“Sly” in our title refers to both a deceptive and secretive person, a take off from our contribution to this page last Monday on the Spy Who Came Into the Cold. We leave readers to decide which quality is more preeminent than the other in our case as gleaned from this page in the last decade!
A debate on whether one is a “sly” or not sounds like the vying perspectives of a glass half-empty or one that is half-full. We would rather focus on the glass, and yes, Virgil, I am sly. So let’s move out of the cold into the warm.
Warm is the tropics, geographically defined as that distance between the Tropic of Cancer and the Tropic of Capricorn, 23 degrees apiece north and south of the equator. I write from ’Pinas where my eldest sister, her husband and her brood sans daughter who lawyers in Melbourne Down Under, decided to remain while the rest of her siblings sailed out to Honolulu Paraiso, on the southern latitude of the northern temperate zone slightly above the Tropic of Cancer!
Warm was the welcome at Ninoy International Airport, no longer infested with the leeching horde of delihensiya of bygone years, refreshingly professional sans the frequent allusions to “ang lagay ba naman” casually aired, especially among the numerous balikbayan boxes waiting to be examined that overseas workers delight in flying back home to appease the pasalubong requirements of relations back at the clan. The security personnel and luggage pushers, however, remain heavily solicitous!
I made it clear earlier to nephews and nieces and their young ‘uns that the poor uncle from China was coming but they were not to expect any pasalubongs. That reveals how badly the pocketbook was hit by the international recession and domestic inflation in China’s economy. (Boy, that sounds like a great phrase of an excuse; in fact, my monastic lifestyle precludes the accumulation of wealth I would not know how to make anyway!)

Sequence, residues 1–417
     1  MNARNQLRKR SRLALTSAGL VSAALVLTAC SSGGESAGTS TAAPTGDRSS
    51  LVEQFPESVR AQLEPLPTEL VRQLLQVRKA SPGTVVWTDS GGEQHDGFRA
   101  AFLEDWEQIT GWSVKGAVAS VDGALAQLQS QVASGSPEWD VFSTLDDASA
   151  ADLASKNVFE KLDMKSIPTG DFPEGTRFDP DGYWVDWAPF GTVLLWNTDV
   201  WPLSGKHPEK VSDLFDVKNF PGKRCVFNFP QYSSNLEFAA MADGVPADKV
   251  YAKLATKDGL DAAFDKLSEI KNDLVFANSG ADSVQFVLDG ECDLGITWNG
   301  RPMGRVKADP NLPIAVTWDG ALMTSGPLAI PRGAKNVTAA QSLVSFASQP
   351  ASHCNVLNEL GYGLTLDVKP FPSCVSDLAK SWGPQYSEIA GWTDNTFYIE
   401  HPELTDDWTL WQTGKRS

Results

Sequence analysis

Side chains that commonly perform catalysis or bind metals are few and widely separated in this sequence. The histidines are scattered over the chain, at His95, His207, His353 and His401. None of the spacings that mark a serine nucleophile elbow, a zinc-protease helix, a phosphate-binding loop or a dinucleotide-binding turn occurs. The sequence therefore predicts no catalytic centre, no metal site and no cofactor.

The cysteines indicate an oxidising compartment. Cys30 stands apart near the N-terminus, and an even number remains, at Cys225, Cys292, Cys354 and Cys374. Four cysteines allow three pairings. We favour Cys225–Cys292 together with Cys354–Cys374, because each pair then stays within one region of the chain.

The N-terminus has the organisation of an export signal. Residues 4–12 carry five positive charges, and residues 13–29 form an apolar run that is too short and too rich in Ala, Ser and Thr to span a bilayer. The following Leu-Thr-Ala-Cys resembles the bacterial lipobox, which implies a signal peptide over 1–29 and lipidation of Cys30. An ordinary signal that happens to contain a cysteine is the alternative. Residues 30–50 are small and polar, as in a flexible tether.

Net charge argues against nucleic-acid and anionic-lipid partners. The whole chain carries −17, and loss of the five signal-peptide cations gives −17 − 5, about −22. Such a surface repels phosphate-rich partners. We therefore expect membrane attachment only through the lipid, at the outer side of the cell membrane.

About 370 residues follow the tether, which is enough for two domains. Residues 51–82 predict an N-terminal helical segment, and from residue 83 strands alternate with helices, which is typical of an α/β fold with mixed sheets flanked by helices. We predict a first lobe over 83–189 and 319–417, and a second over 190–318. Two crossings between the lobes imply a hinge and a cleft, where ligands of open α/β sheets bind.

Ensconcing myself in the cold winds of Dong Bei of Manchuria, I am resigned to spending the remaining 17 years of my gallivanting trudging snow, muffed and wrapped on the lower air streams of Siberia. This trip to the tropics is intended to be my “Adios, Paalam (literally, that you know), Goodbye,” to lady Pilipinas and her fair entourage as we near the completion of our 70th year of corporeal existence and essence.
My eldest daughter of Euro-Anglo-Sino-Indo-Malay descent once unfurled her bared existential banner at an Illinois U: “Mongrels of the World, Unite!” She dabbled in French, spending a year in Provence’s Avignon, so we will forgive her “arise, ye downtrodden” version of L’Internationale!
I have no banner to unfurl; am just a regular mongrel out of Southeast Asia, now increasingly revealing a Zhinoy pedigree. “Zhinoy” is our version of the marriage of Zhongguoren and Pinoy (aka, Chinese and Pilipino mixed DNA) though like many parts of the world, the Chinese of our neighborhood knowledge are the water people of the Hakka Hans of the famed snail pit circular dwellings, like the Tianluokeng Tulou Cluster of the Yongding County in Fujian. Imaginative China has been tropical. (This might be too much geography to handle in one sitting!)
Also known as Ke Jia, the “guest people” because they were moved by the Ming Dynasty to other parts of China, they predominate in south Fujian and northeast Guangdong (including Hong Kong, Macau, Taiwan, and much of Hainan). They’ve proven to be on the vanguard of China’s post-1912 events.
Among their numbers are the Soong sisters Ching-ling, who married Sun Yat Sen, and Mei Ling, who married Generalissimo Chiang Kai Shek of the Goumintang who fled to Taiwan; Sun Yat Sen (aka, Sun Zhong Shan in China), is father to modern China, Deng Xiaoping the smart diminutive, Lee Kuan Yew, the revered elder statesman of Singapore, and for good measure, Chow Yun-fat, the HK movie star of western acquaintance.
Chinatowns of our familiar from Calgary to Honolulu, Nauru to Peru, Kingston to London, Lahore to Singapore, Chicago to Tokyo, and many more, are peopled by Ke Jia Hakka, ever willing to up-and-go on the first sign of discord, ready to seed the planet with Sino DNA and consciousness deeply rooted in the tranquil yet eternally balancing pressure of the pivot point of life’s yin-yang.
That tradition, friendly to my own born-and-raised consciousness from northern Luzon where the Hakka Chinese is predominantly in residence, lay richly though subconsciously underneath my awareness as well. And in the natural heat of struggle to exist in space, and endless quest for meaning in time’s specific social milieu, we find comrades among tropical creatures in the land of Zhongguo’s Qin and Han.
So we revisit our warm bloodstream, awake to the choice to straddle the frozen tundra of body sense, feelings, thoughts and deeds in the icy winds of Dong Bei. But for now, we bask in the sun, seep our Laguna cocoa and cape de Batangas. This sly, warm-hearted and hot-headed, is home.